SONGS From A Room (SofarSounds), a global music events start-up known for its intimate andcommunity-based shows, made its highly anticipated debut in Zimbabwe last year. The event, heldin Harare, showcased a lineup of rising independent artists, providing music enthusiasts with aunique and immersive live music experience.
Originating from a humble home concert in London over 15 years ago, Sofar Sounds has grown intoa global community of music curators, spanning more than 450 cities worldwide. The innovativecompany aims to revolutionize the traditional live event experience by fostering a strongerconnection between attendees and artists.
Representing the Harare chapter of Sofar Sounds is the multi-faceted creative Khumbulani Muleya.
The Sofar Sounds concert in Harare kicked off with a captivating performance by the Glenview-basedTru Bantu Tribe. The Afro Jazz in Mbira band treated the audience to an enchanting blend ofrhythmic melodies and soulful vocals. Their set included songs like ; "Mbirimo" "Dzimwe nguva" and"Huyayi mununure". Comprised of lead vocalist and Mbira player Whatmore Muchuwe, bassistTakudzwa Mhindu, and drummer Nigel Madzinga, Tru Bantu Tribe has previously collaborated withrenowned local musician Leonard Zhakata, adding to their musical prowess.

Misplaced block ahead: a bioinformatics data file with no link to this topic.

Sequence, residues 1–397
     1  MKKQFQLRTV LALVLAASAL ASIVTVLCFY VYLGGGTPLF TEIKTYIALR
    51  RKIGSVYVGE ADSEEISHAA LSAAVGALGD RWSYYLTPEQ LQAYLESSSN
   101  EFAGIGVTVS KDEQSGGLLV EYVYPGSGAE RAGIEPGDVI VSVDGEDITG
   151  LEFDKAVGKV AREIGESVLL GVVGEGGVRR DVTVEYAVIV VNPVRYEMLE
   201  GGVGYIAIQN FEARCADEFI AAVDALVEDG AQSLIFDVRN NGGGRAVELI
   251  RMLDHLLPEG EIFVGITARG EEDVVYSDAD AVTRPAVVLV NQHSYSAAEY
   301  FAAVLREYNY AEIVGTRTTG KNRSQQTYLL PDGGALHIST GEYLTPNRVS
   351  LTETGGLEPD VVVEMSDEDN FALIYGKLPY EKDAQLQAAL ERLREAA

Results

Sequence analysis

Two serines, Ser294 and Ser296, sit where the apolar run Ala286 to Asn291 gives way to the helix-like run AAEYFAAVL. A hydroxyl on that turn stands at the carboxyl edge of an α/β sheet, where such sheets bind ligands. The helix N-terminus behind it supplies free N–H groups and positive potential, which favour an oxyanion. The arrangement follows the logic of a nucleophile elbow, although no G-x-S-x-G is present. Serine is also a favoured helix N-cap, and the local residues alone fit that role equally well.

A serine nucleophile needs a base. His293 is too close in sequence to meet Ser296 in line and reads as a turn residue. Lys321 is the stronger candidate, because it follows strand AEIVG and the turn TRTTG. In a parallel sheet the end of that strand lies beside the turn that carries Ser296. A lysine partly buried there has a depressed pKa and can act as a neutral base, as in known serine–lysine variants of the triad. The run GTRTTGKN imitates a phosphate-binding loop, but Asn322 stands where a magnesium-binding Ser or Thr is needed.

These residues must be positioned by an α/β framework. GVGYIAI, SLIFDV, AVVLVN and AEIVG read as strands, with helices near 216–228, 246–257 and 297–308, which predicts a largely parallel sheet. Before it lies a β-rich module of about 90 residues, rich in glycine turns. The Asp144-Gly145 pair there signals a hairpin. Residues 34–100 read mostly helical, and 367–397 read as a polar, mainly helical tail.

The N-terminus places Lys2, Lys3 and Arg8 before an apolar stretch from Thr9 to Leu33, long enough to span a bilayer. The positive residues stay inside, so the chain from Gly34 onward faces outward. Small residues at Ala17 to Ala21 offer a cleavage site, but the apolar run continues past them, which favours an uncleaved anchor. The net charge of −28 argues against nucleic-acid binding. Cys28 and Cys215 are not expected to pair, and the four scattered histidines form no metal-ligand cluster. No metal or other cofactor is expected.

Following Tru Bantu Tribe's mesmerising performance, the spotlight turned to the talented Mbiramusician Nasibo. She graced the stage with a solo act, captivating the audience with the melodicsounds of the Mbira instrument and her powerful vocal range. Nasibo's talent has not goneunnoticed, as she previously shared the stage with legendary Senegalese singer Youssou N'Dour in amultinational musical collaboration in Brussels. Her performance at the concert in Harare was atestament to her artistry and captivated the hearts of those in attendance. Earlier this year, sheperformed in Tanzania at the Sauti Za Busara music festival.
Closing the concert with an incredible display of Afro-acoustic melodies was the four-piece bandGwevedzi. Their smooth, easy-listening tunes, including songs like "Ndiringe" and "Ndinouya" fromtheir album Nhungo, provided the perfect finale to the event. Gwevedzi has been making waves inthe Zimbabwean music scene and had the opportunity to perform at the prestigious Stanbic BankJacaranda Music Festival alongside acclaimed artists such as Bongo Maffin, Zakes Bantwini, andAfrican Storm. For performing at the Sofar debut concert the band was this year shortlisted for anartist residency in London hosted by Sofar Sounds.
The organisers of the event expressed their enthusiasm for the Sofar Sounds model, highlighting itspotential to empower local musicians and create genuine connections between artists and theiraudiences. By reimagining the live event experience and providing a platform for emerging talent,the concept is paving the way for musicians to build both local and global followings.
Organisers are determined to expand this unique model throughout Zimbabwe. By offering musicenthusiasts an intimate environment with fewer disruptions, Sofar Sounds aims to foster a deeperappreciation for music while supporting the growth of the local music scene.